Presenter: Wess Daniels from
What’s Already in the Room?
Experience and Comfort Levels
Experience with Quaker Process?
Comfort with Quaker Process?
There are no rows in this table
Central Practices of the Quaker Tradition
Framing the Process
Identifying the Difference between
Sense of the Meeting
Friends decision-making encourages communities
to collectively to seek truth for the community
– rather than pooling the needs of individuals. Sense-of-the-meeting and consensus are often confused because they have in common a non-voting process. One way to contrast them is to ask “What is the question that calls for a decision?”
Majority Rule Model:
“How do we vote?”
“What can we agree to?”
“How are we led?”
Quaker Process is about the collective seeking the will of God in matters of discernment.
For Guilford, that discernment is done in the context of what is best for the whole community. What helps this story (we call Guilford College) progress in a way that is most in line (or faithful) with its principles and practices? The Quaker process of decision-making also works from a place of abundance trusting that
“this community has all it needs to do what it is being called to do.”
To do the process well requires training, ongoing intention, and patience. It is a practice that takes time to develop.
It is not a quick fix but a long-term commitment.
What I have come to understand is that Quaker decision-making is deeply counter-cultural for a culture of people who grow up learning to value the practice of voting.
It moves at a different pace and is oriented around not having losers and winners (or blocking those whose voices we do not want to hear).
The process should be seen as
a tool for community building
It is process that relies on relationships and commitment to common goals and vision. The Quaker process of decision-making is intended to constantly re-center the entire community around the desire and call of God on that community.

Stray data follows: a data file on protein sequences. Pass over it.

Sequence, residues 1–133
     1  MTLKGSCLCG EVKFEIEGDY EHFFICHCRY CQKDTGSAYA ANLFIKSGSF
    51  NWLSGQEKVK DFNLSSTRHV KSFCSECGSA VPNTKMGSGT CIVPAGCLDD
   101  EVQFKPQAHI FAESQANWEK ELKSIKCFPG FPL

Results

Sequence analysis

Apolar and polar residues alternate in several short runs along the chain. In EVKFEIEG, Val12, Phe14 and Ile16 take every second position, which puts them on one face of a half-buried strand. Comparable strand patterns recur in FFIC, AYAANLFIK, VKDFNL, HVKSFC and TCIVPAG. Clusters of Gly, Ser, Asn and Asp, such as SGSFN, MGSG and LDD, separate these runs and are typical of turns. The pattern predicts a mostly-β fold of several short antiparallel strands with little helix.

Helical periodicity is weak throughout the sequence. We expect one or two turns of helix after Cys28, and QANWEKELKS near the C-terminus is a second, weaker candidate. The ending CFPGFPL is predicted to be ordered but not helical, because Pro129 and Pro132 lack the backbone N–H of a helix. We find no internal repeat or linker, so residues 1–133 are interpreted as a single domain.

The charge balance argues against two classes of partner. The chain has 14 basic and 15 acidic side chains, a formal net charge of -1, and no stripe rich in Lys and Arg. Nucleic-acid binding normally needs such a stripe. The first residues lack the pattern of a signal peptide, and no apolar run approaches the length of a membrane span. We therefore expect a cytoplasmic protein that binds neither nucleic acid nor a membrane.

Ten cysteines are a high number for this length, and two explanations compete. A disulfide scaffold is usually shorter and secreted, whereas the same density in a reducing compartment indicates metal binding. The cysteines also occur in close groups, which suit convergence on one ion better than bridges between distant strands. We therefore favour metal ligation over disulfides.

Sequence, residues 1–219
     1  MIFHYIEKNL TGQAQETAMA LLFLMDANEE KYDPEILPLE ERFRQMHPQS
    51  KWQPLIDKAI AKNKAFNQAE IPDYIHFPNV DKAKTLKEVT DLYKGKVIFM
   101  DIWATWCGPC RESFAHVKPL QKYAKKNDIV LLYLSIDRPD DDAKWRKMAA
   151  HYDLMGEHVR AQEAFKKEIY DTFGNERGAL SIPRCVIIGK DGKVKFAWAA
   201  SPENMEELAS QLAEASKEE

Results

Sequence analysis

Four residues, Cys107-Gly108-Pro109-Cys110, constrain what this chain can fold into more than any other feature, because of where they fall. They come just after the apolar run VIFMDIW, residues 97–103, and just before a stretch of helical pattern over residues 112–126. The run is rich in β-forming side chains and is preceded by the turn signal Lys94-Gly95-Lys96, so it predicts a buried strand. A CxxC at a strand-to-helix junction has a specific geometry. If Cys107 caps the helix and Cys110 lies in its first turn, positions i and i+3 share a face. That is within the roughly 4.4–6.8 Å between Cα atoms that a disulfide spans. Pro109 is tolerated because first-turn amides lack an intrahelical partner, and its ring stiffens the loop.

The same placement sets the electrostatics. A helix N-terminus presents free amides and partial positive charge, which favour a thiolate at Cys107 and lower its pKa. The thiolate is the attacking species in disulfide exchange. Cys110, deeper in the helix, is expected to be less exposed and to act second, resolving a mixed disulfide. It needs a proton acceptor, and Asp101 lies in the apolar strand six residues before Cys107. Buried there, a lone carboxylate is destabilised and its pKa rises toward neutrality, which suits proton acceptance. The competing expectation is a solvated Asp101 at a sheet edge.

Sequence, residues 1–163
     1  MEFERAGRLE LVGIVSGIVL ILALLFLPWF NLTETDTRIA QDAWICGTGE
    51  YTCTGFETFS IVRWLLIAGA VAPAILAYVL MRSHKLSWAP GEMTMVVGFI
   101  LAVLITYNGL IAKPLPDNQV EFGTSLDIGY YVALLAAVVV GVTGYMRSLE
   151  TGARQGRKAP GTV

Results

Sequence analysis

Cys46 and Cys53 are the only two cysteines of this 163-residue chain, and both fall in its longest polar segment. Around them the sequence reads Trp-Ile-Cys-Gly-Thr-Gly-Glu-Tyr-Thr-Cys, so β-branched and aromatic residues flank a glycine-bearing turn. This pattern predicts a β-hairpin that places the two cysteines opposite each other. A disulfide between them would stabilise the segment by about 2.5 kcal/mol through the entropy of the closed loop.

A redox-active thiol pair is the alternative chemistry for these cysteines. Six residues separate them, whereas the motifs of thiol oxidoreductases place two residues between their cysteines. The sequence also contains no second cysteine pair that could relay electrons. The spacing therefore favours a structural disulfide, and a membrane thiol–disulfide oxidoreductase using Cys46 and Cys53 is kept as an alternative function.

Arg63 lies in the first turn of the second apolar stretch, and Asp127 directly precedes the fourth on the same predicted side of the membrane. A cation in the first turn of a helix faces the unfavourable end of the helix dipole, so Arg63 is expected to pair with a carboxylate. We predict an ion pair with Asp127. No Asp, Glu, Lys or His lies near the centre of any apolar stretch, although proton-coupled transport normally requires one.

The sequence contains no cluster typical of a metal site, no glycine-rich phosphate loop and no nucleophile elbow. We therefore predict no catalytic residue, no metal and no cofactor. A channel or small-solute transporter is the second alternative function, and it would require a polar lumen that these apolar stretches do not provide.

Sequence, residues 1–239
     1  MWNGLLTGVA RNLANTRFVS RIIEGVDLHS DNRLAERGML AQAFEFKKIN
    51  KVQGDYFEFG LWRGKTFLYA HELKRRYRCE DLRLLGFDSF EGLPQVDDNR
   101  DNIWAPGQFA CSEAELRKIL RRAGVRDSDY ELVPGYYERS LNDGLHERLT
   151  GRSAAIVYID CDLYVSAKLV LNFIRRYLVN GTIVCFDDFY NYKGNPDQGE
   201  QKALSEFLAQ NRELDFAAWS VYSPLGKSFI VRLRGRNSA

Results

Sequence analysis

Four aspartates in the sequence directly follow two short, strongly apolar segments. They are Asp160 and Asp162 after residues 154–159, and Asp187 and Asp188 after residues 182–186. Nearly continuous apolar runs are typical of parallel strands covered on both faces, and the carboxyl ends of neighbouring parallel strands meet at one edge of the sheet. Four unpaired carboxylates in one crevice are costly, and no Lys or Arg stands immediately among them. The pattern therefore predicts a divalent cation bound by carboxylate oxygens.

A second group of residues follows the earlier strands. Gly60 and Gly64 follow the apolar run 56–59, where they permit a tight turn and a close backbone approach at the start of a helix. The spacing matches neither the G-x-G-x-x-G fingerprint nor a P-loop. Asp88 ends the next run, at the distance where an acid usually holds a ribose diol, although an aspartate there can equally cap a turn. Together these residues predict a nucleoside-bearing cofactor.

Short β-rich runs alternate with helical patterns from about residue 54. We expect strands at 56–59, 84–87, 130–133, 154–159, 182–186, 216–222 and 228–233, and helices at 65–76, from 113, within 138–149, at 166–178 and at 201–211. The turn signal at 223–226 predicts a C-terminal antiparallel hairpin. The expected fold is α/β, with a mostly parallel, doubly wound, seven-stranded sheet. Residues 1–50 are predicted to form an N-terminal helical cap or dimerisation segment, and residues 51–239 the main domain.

“Quaker decision-making is less about arriving at a final decision and more about becoming the people of God together.” -Jan Wood
How might we say that in our context?
Ways To Impact The Speed of Quaker Process
It matters where you put the emphasis of the decision
The search for the sense of the Meeting is time-consuming, and many people who are used to voting procedures think it highly inefficient. However, after many years of working with it in a variety of quite different Quaker institutions,
I believe that the time from idea to action may be about the same in both systems, and that a truly shared sense of Meeting facilitates collective action
What is shorter in voting systems, where the majority rules,
is the time from idea to decision
; but if the decision does not reflect a consensus,
the time from decision to action can be long indeed
It is important that as many people understand the process and are trained explicitly in it so that the process can be efficient and fully participated in.
Does everyone have all the information they need in order to make a good decision or are certain things being withheld from the community?
Clerking is the most humble role in the whole process (in service and temperament):
To be the clerk is to be like a DJ who “disappears”
The ability of the clerk to hold together these various threads, tensions, and potentially competing interests requires that they are able to “get out of the way” enough to allow the music to speak for itself. If the DJ is good enough, the music blends together so well, so beautifully, you don’t even know they are there.